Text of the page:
On September 10, I went to the shelter for my regular stint socializing cats. First I found two dogs running unleashed in the area holding the outside cats' feeding station. So much for taking care of the outside cats, euphemistically called 'barn cats' by the shelter (although there is no barn for them to find safety in). After I signed in, Sharon Felkins, the Humane Society director, told me I was no longer welcome at the shelter and to leave immediately and never come back. I asked her why and she said, "You are a troublemaker."  I also asked her who made that decision and she told me the board of the Humane Society (only one of whom I have ever met) voted unanimously. There is no way to know if this is the case as the staff has a long history of being 'veracity challenged.'

She said she had called the Mendocino Sheriff to report the two outside cats had been stolen and had given them my name and address. I told her that I did not appreciate being called a thief and that she had no right to do so and had overstepped the bounds of normal behavior. One has to wonder why the Sheriff would feel an animal abandoned to its fate in the wild could be 'stolen'.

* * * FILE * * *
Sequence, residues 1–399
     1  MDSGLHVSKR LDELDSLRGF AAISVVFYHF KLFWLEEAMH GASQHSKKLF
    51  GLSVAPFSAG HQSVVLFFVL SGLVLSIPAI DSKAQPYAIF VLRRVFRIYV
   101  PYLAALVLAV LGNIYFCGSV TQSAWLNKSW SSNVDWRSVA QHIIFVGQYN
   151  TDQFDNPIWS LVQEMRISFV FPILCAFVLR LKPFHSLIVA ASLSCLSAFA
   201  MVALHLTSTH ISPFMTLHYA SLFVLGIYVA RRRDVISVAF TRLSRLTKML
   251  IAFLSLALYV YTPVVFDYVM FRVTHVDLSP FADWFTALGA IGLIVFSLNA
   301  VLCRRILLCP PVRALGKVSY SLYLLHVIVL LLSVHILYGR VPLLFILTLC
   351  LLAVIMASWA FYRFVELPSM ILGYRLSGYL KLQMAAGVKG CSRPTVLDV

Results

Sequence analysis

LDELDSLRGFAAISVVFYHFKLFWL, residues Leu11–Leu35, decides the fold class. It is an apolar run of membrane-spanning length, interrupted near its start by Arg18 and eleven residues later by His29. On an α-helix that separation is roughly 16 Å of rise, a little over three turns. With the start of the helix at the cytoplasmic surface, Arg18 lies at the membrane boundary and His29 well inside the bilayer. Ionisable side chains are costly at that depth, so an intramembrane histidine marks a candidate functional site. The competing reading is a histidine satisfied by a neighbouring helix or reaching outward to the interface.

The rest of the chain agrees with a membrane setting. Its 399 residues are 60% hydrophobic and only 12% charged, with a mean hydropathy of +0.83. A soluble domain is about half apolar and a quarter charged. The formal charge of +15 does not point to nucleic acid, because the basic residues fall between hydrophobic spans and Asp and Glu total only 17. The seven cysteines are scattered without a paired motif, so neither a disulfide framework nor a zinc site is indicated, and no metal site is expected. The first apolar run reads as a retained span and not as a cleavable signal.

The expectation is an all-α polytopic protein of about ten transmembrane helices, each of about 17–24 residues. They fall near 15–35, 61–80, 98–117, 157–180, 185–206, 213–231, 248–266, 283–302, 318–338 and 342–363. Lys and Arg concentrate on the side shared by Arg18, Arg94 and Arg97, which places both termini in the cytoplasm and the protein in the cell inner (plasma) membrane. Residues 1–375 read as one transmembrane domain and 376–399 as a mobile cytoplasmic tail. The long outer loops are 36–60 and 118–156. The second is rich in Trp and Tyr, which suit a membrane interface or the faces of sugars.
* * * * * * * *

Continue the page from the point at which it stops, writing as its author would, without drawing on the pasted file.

I left the shelter when Sharon Felkins (picked up the phone to call) the Mendocino Sheriff to have me forcibly removed. I left for my own health and mental well-being . . . (but) of equal importance, I feel that public safety personnel are a very scarce resource. I feel this resource was being employed in a frivolous manner to assert one person's sense of importance.

The Humane Society, as a 501(c)(3) charity, has a board of directors that currently has 6 regular members four of whom are two married couples. Sharon Felkins and Alberta Cottrell also serve on the board. (It is highly) irregular to have two paid employees serve on a policy board since their work is overseen by the board.  It is like having a boss boss herself. This is a situation that . . . has led to an abuse of power. The board could have a total of eleven 'regular' members which would make it more representative of the area it serves and less like a 'private club.'

The Mendocino Coast Humane society is not a small operation. They reported to the IRS on their 990 form for the year 2010 submitted this past February that they had a total revenue of $477,000 and assets of just under $789,000. For this small community, this is quite a large charity. Yet the Humane Society keeps asserting that it is a private organization and they certainly strive to keep their meetings and deliberations private. As near as observers can tell they have not held a public meeting in more than nine years. When questioned they assert that the last meeting they held, the public complained and criticized (them). You think?!